Herring With Burbridge

The Press-Register
Positive Energy - LAWRENCE SPECKER

It's not about preaching," said bassist Oteil Burbridge, who brings a unique mix of spirituality and funk to a Mobile club Saturday evening. "It's all about love and hope and forgiveness and compassion."

And for listeners who don't necessarily know what they're getting into, it's about one more thing as well: "They should expect to get their faces rocked off," Burbridge said.

As luck would have it, Mobile is one of four cities in on a limited tour combining some very promising building blocks: Burbridge himself is a renowned instrumentalist, particularly in the jam-band scene, and he has a resume to show that his reputation is deserved. Aside from serving as bassist for the Allman Brothers Band since 1997, he was a member of the Aquarium Rescue Unit, an influential jam/Southern Rock group founded by Col. Bruce Hampton. Though he has been involved in numerous other collaborations, the Peacemakers are his primary solo outlet.

On the current run of shows, he's being joined by a special guest who holds a particularly lofty place in the jam pantheon: guitarist Jimmy Herring, who was tapped last fall to take over the lead guitar spot in Widespread Panic.

The show's opening act, The Lee Boys, are a group representing the "sacred steel" tradition popularized most notably by Robert Randolph. Developed primarily in House of God Churches -- and little known outside them until the late '90s -- it's a genre in which the pedal steel guitar is used as the cornerstone of a high-energy blend founded on gospel and R&B.

While those elements are doubtless appealing enough to draw many listeners to Dauphin Street's Soul Kitchen, interviews with Burbridge and Alvin Lee of The Lee Boys make clear that the show may confound some easy expectations.

For one thing, in this context, Herring is more than just "that guy from Panic." He and Burbridge played together in the Aquarium Rescue Unit and other projects and have known each other for nearly 20 years, Burbridge reckons.

"We just get Jimmy when we can," Burbridge said. "The last time we did it, it was just magic."

His bigger point was that this meeting is not a nostalgia trip. While a couple of ARU tunes may be in the repertoire, Burbridge appeared distinctly uninterested in letting the night become a medley of material from other projects.

"Actually, I really don't want to do that," he said. "The Peacemakers is the Peacemakers."

Consequently the band's own repertoire, particularly material from its new album "Believer," likely will be the focal point, regardless of who's sitting in.

"Why do Panic when you can go see Jimmy play with Panic?" he continued. "It's the same reason I don't do a lot of Allman Brothers Band with the Peacemakers. You can go see the real thing."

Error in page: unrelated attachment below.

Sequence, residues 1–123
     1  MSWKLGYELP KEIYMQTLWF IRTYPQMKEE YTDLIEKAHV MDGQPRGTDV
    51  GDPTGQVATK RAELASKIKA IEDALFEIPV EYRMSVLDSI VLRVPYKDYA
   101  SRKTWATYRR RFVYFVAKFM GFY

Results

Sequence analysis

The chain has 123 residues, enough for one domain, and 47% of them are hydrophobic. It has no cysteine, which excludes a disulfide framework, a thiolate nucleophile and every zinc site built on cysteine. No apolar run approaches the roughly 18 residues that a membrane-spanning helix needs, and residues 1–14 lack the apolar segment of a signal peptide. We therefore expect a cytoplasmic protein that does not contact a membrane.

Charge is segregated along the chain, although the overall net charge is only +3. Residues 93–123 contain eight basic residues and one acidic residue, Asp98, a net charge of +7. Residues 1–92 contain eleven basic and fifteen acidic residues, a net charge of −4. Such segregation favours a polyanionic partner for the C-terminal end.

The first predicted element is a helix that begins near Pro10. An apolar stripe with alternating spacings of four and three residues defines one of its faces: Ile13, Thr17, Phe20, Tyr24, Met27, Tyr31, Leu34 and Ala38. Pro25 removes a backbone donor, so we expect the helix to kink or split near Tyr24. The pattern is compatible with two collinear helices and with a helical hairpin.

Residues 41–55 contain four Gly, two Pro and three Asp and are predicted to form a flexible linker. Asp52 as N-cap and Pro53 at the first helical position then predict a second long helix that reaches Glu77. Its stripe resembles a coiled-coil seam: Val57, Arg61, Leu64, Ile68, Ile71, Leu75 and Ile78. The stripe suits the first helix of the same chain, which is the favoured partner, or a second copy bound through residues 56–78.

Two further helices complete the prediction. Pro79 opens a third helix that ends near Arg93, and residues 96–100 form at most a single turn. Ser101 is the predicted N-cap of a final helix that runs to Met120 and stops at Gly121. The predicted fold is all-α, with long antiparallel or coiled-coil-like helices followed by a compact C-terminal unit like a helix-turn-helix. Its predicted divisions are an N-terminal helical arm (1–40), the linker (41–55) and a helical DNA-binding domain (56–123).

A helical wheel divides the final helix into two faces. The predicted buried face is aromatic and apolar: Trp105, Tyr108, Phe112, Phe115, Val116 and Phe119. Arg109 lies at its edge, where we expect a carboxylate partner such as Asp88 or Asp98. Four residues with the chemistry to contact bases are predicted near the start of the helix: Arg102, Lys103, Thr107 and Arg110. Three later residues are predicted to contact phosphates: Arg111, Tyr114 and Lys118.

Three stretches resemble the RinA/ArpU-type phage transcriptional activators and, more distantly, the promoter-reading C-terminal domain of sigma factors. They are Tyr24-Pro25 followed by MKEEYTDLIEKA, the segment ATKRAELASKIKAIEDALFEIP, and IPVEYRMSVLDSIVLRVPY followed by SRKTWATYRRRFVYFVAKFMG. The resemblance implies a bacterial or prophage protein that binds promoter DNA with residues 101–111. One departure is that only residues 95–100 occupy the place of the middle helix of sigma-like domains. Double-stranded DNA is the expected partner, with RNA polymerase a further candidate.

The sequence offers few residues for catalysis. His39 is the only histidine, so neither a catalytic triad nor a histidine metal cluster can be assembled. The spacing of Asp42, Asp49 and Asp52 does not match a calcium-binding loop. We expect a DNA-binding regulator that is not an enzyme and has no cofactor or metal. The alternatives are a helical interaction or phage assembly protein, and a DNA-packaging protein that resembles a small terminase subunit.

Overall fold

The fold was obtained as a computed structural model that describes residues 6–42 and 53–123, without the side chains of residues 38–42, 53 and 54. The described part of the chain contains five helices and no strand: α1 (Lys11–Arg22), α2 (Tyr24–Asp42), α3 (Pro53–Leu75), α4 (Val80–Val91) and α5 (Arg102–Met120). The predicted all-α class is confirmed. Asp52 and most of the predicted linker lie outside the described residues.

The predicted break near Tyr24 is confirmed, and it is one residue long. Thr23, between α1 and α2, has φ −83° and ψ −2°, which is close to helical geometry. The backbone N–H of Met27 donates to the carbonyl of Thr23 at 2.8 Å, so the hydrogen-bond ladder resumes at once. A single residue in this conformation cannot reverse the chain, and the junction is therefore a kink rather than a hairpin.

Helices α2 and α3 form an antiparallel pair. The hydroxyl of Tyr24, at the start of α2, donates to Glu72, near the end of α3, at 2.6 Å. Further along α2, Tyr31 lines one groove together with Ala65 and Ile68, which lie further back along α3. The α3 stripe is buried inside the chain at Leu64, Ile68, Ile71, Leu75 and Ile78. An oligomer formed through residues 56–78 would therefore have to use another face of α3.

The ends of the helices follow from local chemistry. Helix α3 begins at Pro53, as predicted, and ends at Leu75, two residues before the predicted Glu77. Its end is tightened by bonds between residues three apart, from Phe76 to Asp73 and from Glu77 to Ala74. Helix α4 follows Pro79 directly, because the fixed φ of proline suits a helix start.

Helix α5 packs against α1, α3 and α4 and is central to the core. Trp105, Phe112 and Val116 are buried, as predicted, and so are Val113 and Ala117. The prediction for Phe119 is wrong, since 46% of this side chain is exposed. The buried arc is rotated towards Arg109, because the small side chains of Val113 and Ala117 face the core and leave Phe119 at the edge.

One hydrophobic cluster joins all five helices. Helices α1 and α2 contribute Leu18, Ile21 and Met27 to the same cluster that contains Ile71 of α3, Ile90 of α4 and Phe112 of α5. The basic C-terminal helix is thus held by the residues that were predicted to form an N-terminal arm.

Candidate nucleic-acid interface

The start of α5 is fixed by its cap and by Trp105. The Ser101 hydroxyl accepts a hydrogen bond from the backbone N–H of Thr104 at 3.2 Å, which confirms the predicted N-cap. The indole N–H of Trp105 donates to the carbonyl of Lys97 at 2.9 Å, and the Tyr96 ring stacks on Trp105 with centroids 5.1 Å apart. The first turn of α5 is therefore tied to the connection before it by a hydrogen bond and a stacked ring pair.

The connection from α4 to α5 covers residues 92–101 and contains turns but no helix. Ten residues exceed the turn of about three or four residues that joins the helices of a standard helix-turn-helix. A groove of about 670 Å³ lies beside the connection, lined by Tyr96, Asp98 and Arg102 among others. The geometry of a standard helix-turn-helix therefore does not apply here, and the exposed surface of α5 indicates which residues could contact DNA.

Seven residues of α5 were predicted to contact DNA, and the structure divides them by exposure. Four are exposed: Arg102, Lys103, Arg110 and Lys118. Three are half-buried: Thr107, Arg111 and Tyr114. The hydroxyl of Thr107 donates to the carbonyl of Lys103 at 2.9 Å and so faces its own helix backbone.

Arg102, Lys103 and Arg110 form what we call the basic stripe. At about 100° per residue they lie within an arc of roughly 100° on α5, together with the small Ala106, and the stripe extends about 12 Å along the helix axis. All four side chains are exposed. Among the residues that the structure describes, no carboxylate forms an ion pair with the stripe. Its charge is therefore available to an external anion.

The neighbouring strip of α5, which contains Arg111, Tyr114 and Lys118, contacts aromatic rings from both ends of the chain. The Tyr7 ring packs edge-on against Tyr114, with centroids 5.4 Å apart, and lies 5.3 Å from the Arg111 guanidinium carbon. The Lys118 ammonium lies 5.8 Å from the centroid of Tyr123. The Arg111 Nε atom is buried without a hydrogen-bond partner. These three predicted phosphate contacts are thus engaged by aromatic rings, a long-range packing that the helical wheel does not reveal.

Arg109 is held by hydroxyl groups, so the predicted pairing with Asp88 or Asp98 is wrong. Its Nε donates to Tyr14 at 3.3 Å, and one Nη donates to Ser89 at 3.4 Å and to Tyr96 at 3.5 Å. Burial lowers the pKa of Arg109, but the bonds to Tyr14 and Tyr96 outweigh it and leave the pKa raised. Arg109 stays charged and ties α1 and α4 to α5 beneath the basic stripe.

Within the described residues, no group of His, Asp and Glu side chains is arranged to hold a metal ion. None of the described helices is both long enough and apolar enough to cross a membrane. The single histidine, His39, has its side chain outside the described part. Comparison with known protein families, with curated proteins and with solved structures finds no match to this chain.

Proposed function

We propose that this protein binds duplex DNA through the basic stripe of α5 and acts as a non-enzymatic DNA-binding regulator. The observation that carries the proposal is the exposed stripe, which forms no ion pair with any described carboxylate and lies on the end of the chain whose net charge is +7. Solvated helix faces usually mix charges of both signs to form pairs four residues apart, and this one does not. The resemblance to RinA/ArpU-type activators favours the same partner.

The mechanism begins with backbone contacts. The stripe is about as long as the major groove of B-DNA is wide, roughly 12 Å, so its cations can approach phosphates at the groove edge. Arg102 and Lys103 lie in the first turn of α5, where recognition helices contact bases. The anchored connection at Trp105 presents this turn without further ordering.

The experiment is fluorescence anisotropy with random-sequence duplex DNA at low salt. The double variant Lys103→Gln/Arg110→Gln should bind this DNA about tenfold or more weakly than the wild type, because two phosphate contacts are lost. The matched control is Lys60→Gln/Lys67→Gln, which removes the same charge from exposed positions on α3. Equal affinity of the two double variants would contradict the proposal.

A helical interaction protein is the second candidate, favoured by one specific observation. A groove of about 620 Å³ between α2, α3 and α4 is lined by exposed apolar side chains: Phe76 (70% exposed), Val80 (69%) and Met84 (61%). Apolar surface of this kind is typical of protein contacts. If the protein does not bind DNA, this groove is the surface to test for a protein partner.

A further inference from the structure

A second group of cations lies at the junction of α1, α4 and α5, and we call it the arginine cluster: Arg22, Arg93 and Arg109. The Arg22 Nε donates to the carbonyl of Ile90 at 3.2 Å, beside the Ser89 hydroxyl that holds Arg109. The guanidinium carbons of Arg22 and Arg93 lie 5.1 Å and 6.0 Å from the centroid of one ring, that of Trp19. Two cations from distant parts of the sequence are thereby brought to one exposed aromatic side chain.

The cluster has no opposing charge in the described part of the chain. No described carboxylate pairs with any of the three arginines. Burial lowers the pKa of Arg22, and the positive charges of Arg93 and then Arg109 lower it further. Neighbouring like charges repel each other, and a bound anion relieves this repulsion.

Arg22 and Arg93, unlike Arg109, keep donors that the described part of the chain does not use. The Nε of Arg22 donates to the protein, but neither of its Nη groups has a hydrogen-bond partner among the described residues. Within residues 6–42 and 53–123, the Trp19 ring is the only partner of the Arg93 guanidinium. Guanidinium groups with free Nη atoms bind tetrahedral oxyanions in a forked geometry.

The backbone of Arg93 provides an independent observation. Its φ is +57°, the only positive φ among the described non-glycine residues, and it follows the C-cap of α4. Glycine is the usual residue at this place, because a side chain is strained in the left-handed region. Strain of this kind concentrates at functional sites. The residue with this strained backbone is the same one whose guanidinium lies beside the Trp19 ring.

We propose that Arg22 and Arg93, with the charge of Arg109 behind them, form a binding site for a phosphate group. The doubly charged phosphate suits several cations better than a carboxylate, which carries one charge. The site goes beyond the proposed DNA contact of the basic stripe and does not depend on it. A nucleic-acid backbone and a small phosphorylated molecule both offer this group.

The other major misconception that might need to be cleared up applies to those who hear the words "Sacred Steel" and immediately picture Robert Randolph blazing away on his pedal steel guitar at the Grammy awards telecast or on some late show.

Alvin Lee had no bad words for Randolph, but he and Burbridge both were eager to make clear that The Lee Boys come from a different end of a common musical pool.

"When you see those guys, you're pretty much seeing exactly what takes place in church," Burbridge said of The Lee Boys.

Both Burbridge and Lee agreed to a bluegrass analogy: You might think of Randolph as akin to Alison Krauss, mixing a traditional genre with outside influences and reaching a mass crossover audience -- an audience that might or might not then seek out traditionalists like Doyle Lawson or Ralph Stanley. In sacred steel, the traditionalists are represented by groups such as the Campbell Brothers and The Lee Boys, Lee said.

Pop music demands conventions like verses and choruses, Lee said. But he's hewing closer to a tradition where a song may contain only one line or three lines of lyrics, maybe just one musical hook, repeated and pumped up and elaborated until those playing and chanting and dancing it reach something approaching rapture.

(The curious will have a prime opportunity to compare the two approaches for themselves. Soul Kitchen will present Randolph on Feb. 19, which is Lundi Gras; advance tickets are $20 and go on sale today at the club. See www.soulkitchenmobile.com for details.)

As in bluegrass, tradition can be confining -- but Lee said that even in church, outside jazz and funk influences can be felt.

While Lee and Burbridge do share some musical common ground, the real unifying element of this tour appears to be their faith, and their approach to sharing it. While both are avowed exponents of Christianity, both said they are content to let the music do the talking.

"I think the best way is to do what we do," Lee said.
"This is what God did for me, this is my sense of hope," Burbridge said. "There's a lot of good energy going on around both bands."

"There's so much in life that brings us down," he said. "We need to let the pain out ... when we do that, we're left with this joy."

"Our music is definitely gospel and is rooted deep," Lee said. "We definitely want the message to be spread through the music. ... So many people, when they hear our music, they get a feeling."

"I just hope they come away from the show feeling great," said Burbridge, "and having sweated a lot from dancing."